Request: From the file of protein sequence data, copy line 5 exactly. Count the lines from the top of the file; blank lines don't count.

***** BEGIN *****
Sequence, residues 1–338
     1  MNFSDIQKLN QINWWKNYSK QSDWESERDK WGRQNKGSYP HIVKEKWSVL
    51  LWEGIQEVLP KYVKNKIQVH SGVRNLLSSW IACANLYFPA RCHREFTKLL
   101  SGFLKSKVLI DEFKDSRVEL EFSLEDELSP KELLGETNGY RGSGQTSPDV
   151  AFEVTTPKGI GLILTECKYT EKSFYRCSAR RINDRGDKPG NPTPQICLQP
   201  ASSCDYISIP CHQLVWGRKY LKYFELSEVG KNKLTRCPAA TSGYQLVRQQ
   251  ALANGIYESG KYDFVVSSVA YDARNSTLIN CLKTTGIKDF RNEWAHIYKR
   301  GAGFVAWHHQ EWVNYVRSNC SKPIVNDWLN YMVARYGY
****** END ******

   151  AFEVTTPKGI GLILTECKYT EKSFYRCSAR RINDRGDKPG NPTPQICLQP